Nazir Mohammad Chobal in conversation with Shittu Fowora

This interview was conducted in June 2020

“I’m largely a nomad, more fluent in the arts than anything else.”

Shittu Fowora

Ayamba: Let’s get to know you.

Shittu Fowora: I’ll say I’m largely a nomad, more fluent in the arts than anything else. I’m fascinated by nature and the interstice of language; by everyday interaction of man and the elements of nature; by time and the latitudes it affords us. I’m part tech-junkie, part painter, an academic hobo. Just sprinkle knowledge on grass and you’ll find me grazing over it.

Ayamba: How did you start writing? Did you choose the path, or is it an innate skill?

Shittu Fowora: As mentioned earlier, I have an inordinate appetite for learning. Although I have always been science-oriented, experimental and interested in the lives of innovators, I found out early in life that the arts and artistry were enlivening and enlightening in ways that the pursuit of science didn’t offer.

I love painting, relish murals and hand-painted crafts. I am self-taught. I sculpted a lot in my teenage days, and took nature seriously. I got more invested in creative writing after some of my works got published in Japan, and some national dailies.

To answer your question, I will say I learnt to connect my innate skills with the things I was most passionate about.

Ayamba: Interesting. How does poetry come to you? Is it a well-thought out thing or does it come in form of a revelation?

Shittu Fowora: For me, there’s poetry everywhere – in geometry, imaginations, thoughts behind faces, mystery around leaves, across sceneries, landscapes, architecture and the likes. I grew up to the native lullabies and natal chants of my mother. It had layers of interesting messages woven through names and ancestry – the traditional Oriki. It comes to me from observation and paying attention to nature and social interactions.

Ayamba: Why poetry? I never knew you could paint or carve. Why haven’t we seen your art composition yet?

Shittu Fowora: The society we live in subsists in contradictions. You turn around daily to find annoying and logic-defying things. Oftentimes, annoyance is my muse. When everything in your toolbox is unable to offer you solace, you turn to other dimensions of reasoning –calligraphy, painting and quilling.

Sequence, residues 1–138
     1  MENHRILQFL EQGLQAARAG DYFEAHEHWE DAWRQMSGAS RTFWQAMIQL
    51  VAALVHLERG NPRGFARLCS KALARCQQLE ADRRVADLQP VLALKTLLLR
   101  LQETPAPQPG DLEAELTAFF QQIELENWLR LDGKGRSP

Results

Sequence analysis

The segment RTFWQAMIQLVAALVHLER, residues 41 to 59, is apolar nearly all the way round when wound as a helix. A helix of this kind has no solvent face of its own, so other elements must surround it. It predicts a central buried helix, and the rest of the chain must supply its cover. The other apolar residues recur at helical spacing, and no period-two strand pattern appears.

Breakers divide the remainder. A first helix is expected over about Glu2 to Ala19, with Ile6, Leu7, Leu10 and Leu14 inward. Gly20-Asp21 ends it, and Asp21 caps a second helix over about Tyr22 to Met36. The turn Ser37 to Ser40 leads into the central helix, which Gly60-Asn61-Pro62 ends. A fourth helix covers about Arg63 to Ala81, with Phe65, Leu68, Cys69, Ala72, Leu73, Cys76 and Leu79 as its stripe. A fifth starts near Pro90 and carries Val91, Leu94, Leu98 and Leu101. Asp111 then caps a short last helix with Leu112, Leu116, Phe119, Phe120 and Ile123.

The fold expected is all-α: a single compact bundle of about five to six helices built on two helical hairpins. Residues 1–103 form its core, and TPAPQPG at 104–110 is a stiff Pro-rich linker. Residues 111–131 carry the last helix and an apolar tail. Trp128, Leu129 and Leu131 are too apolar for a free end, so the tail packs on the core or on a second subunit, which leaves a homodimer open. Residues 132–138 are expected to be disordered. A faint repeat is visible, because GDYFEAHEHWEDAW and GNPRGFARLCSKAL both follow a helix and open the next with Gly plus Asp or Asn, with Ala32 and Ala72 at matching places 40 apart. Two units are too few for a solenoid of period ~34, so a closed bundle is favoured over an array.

However, learning new things can be a lonely adventure. You absorb alone. You deepen your understanding in ways others may not be interested in. Consequently, you find yourself late at night, reading and laughing your ribs out or sketching and giggling in mischief; mapping your thoughts, knowing that you’re hiding a secret code between the lines; knowing that you’re hatching those lines as a way to ‘unforgetting’ series and sequence of events.

Why Poetry? It feels more fluent to me in the ways I can return to or carry around without being noticed.

If you carry a beautiful piece of painting, you may attract strange or furtive eyes. If you have beautiful verses in your head or heart or funny bone, only you will know. I mean no one would have a clue unless you put it out there.

But other forms of expression are so visible. The moment a pastel goes on the sheet, it becomes evident. The moment you pick the microphone to sing, you catch attention. Most times however, I love dwelling in the nooks of my imaginations.

And even when we decide to dwell in the secret of our imaginings, we must always understand the interconnectedness of the arts. That art feeds art. Music could inspire painting. Poetry could feed a short story. A beautiful shot may become the springboard for a novella. A stage play or recital may be inspired by a dance. I write because that’s how I think. I reduce my complex musings into some arithmetic of words.

Ayamba: You have been on several judging panels. What do you look out for when you are discharging such duties?

Shittu Fowora: Firstly, I feel honoured to evaluate creative pieces (and masterpieces if you like). I am always interested in otherness. Literary panels allow us to test ideas and broaden our scopes. Fiction should have powerful plots, discernible goal and conflict, characterisation, diction, setting, point of view and all that. Every story is unique, so, I evaluate them on their own merits. I love interesting phrasing and deployment of diction.

In poetry, I want to see words dance. I want to see how the form and style and narrative flow are captured in freshly minted poetic devices. I look out for the range of the work–that attentiveness to the secret life of words; how the writer punctuates and spells out his thoughts. Essentially, I scout for works that would stand through time with tenacity and purpose. So, insert originality, harmony of words and its relevance to the theme under consideration.

Ayamba: That’s quite interesting. What relationship do you keep with younger and upcoming writers?